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'Blue is the Warmest Color' Movie Review

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Blue is the Warmest Color

Rating:
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It’s too bad the French film, ‘Blue is the Warmest Color’ is shrouded in controversy since winning the Palme d’Or (equivalent to the Best Picture Oscar) at Cannes. American director Steven Spielberg headed up the jury and they were spot-on with this romantic drama. Hands down, it is the Best Foreign Language Film of the year and I don’t see how the Academy can ignore it during award season. It is one of those films that linger with you after leaving the movie theater. Director Abdellatif Kechiche has crafted a beautiful love story. As Spielberg eloquently comments, “The film makes you feel privileged to be a fly on the wall, to be invited into the story of deep love and deep heartbreak.”

Some moviegoers may be turned off by the explicit sex scenes. One in particular goes on for almost ten minutes. Nevertheless, no one can deny that the film is a groundbreaking love story. Kechiche achieves the joy and heartbreak of first love. His style of filmmaking is so graphic and emotional that you cannot help but be consumed by the two lovers on screen. Kechiche shoots every scene with intimacy. He mainly shoots in close-ups and uses the color blue throughout the film. The sex scenes are abrupt and startling. They perfectly depict the heat of passion. Be forewarned, the sex scenes are lengthy and carnal. This is not tender lovemaking but uninhibited sexual desire which is the director’s intention.

The story opens in a high-school literature class in the Northern French working-class town of Lille. The students are studying the novel “La Vie de Marianne” by Pierre de Marivaux. The camera focuses on Adele (Adele Exarchopoulos), a bright 17-year-old schoolgirl who is hungry to learn about the world around her. She devours ideas in her philosophy class with as much gusto as her father’s spaghetti bolognese at dinner time. Kechiche shows us close-ups of Adele’s pouty lips smeared with ragu sauce. Food is one of the motifs in the film along with art and sex. At school, Adele has a brief fling with a boy but the experience leaves her unfulfilled. Then, at a crosswalk, she locks eyes with Emma (Lea Seydoux), a pretty young woman with blue-streaked hair. It is a mesmerizing scene as Adele acts like she has been hit by a truck. The young actress totally captures the euphoric feeling of love at first sight.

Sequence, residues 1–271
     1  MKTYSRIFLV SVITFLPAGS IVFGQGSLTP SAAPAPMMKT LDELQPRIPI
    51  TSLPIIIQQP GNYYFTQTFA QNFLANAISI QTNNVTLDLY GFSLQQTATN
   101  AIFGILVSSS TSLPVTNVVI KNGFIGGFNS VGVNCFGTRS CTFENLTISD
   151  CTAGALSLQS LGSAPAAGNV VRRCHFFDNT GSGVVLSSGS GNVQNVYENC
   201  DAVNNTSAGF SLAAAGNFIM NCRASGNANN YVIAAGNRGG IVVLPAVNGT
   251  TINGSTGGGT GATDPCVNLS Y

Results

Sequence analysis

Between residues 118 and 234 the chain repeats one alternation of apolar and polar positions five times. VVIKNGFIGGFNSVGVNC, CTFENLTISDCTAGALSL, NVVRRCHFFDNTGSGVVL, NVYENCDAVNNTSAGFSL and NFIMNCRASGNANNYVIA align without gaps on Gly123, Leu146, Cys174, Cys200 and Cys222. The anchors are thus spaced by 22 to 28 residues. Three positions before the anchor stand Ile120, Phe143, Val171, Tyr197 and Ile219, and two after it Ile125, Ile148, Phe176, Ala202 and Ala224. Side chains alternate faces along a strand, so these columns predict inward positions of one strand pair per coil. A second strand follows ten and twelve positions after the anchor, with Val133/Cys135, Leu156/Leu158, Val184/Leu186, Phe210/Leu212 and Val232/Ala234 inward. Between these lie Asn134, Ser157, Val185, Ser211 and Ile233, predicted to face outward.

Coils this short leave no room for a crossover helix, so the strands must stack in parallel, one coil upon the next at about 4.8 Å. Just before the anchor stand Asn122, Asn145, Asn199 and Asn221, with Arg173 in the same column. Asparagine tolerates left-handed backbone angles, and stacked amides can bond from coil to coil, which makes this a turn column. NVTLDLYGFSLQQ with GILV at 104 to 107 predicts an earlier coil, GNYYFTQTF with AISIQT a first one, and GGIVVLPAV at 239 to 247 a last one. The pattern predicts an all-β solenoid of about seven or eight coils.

One night at a bar, Adele catches sight of the blue-haired Emma who returns her gaze. Kechiche uses the color blue to represent happiness and it pops up throughout the film to remind us of that exciting first encounter. Their first conversation is skillfully shot and not rushed. We find out that Emma is a four-year fine art student. She is confident and well-versed in philosophy. The older Emma is amused by the teenage girl’s infatuation of her. It’s another meeting, when Emma sketches Adele in the park, where the relationship is taken to the next level. She finds out that Adele wants to be a schoolteacher. Consequently, the worldly Emma takes on the role of teacher and Adele gladly assumes the role of voracious student. Several years go by and their relationship shows them living together and painfully growing apart. It’s a fascinating character study.

The last half of the film deals with the disintegration of their relationship. It is done with such authenticity. Everyone can identify with it. We’ve all been there. It shows how relationships sometimes grow in lopsided directions. During a backyard dinner party, we see it with our own eyes. Emma’s art career begins to take off. Adele feels alone and out of place as Emma mingles with her art friends. There is an unpleasant breakup and a desperate attempt from Adele at reconciliation at a café. It is a moving scene between the two actresses. Adele is begging for another chance with tears and mucous dribbling down her nose. You feel Adele’s pain. It’s so heartbreaking because we can empathize with her. And that’s the beauty of ‘Blue is the Warmest Color.’ It is an intimate look at an intense relationship between two young lovers. As one of Adele’s schoolteachers disclose early in the film, “Tragedy is the unavoidable… it is what we can’t escape.” Cinephiles, this is definitely one film not to miss. Check out the official trailer http://youtu.be/Y2OLRrocn3s.

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